Written by Olivia McLean
Amazon.com is a favorite among college students looking to save a buck or two on textbooks.
It’s also a favorite for students looking to sell used textbooks at the end of the semester; however, selling textbooks and other items on Amazon may become a bit more expensive with their recent increase in seller’s fees.
As of Feb.18, many of the fees for the Fulfillment by Amazon service offered in the United States have risen. In an example chart on the help page of the company’s website, the different fees are broken down into “order handling,” “pick and pack” and “weight handling” sections. The most notable fee hike in each type of product example is “weight handling,” which for a CD might only be a difference of five cents, but for a white board, for example, the difference could be a whopping $94.47.
Amazon’s reason for raising FBA fees is so that as the costs for transportation continue to increase, its fees can better reflect and cover those costs.
Why should a seller be forced to pay these fees to list an item with FBA? One of the great appeals of Amazon is the fairly inexpensive method of listing an item to sell.
Even if a seller were to list their items on Amazon without using the FBA service, they’d have to pay a fee of up to 25 percent as well as a fee of 99 cents per item.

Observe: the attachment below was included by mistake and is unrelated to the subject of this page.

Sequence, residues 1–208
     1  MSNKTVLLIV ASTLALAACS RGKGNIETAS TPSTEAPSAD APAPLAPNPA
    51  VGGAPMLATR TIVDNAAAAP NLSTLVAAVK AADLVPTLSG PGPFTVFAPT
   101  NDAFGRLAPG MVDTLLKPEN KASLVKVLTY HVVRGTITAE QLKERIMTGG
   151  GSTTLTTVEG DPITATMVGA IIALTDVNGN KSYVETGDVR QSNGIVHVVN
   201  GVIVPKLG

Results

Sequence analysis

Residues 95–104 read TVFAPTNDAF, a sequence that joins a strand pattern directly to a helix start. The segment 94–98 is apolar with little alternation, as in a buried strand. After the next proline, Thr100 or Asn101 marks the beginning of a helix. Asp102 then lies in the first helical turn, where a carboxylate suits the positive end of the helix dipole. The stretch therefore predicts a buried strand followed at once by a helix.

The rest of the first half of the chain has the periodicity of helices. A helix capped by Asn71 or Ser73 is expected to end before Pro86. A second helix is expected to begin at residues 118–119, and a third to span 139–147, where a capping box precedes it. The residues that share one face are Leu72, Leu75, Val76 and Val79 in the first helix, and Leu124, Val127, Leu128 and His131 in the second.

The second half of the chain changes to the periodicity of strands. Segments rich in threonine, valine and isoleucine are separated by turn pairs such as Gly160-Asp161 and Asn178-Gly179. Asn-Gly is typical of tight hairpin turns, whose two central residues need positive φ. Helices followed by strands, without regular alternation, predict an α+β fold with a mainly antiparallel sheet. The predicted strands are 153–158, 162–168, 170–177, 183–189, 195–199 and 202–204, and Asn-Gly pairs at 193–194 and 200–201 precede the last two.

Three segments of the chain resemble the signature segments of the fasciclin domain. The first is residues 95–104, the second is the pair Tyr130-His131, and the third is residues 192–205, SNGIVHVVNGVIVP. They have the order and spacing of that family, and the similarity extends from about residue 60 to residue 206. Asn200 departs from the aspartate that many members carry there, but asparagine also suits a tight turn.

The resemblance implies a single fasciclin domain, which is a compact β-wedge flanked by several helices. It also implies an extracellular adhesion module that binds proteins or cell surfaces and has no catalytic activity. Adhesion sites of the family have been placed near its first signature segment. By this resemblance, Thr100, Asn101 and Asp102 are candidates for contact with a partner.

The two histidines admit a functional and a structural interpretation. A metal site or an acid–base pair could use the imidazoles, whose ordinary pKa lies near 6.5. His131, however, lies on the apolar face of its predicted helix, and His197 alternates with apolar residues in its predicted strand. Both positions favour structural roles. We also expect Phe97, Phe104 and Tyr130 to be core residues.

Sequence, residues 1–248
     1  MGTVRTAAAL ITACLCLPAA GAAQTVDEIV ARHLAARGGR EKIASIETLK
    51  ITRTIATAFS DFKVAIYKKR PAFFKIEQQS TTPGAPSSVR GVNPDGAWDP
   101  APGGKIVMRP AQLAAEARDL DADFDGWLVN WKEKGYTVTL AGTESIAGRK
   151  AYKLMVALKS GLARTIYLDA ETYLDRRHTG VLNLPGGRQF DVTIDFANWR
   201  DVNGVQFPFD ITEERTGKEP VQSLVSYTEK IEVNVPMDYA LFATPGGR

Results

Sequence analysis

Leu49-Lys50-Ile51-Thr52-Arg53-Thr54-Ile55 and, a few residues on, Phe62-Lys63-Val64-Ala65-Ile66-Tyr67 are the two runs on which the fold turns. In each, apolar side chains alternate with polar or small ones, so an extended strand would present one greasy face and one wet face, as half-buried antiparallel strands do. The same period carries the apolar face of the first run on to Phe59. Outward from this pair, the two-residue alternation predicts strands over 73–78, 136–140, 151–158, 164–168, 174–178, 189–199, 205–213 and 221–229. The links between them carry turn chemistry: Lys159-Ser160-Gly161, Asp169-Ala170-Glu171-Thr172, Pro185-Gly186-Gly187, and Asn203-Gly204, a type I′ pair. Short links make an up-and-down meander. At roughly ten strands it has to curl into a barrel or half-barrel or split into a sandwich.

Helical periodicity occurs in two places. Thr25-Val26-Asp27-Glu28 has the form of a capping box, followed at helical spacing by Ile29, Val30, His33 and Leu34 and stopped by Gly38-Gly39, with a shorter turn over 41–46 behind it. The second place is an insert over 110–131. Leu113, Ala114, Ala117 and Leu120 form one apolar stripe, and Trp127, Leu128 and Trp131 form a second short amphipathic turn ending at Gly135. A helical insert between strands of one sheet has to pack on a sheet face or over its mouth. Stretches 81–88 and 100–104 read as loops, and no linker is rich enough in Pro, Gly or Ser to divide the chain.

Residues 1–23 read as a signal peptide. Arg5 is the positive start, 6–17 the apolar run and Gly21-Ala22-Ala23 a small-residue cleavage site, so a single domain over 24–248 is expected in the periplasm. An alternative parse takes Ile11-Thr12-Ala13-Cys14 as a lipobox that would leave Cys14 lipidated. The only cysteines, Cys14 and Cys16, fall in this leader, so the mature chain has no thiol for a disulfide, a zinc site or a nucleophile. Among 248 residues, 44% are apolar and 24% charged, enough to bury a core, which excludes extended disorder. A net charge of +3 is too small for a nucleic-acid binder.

Once again, it seems like us little people are being taken advantage of by money-hungry corporations looking to capitalize on our hard work. I wouldn’t be surprised if Amazon raised its fees once again in the next six months. Amazon executives know that there are committed sellers who fear leaving the site that they have built their business on.
Amazon is also causing a stir in Europe, where, as of April 4, third-party sellers are seeing fee changes as high as 70 percent.
All this could possibly do is drive away small third-party sellers, forcing them to use other sites such as eBay.com. If these sellers continue to use Amazon, I’m sure many of them will raise the prices of their items to compensate for their personal losses, which would only cause buyers to look elsewhere.
People use Amazon to find deals on things they wouldn’t find in physical stores, but with fees and prices increasing, perhaps online shopping won’t be so trendy anymore.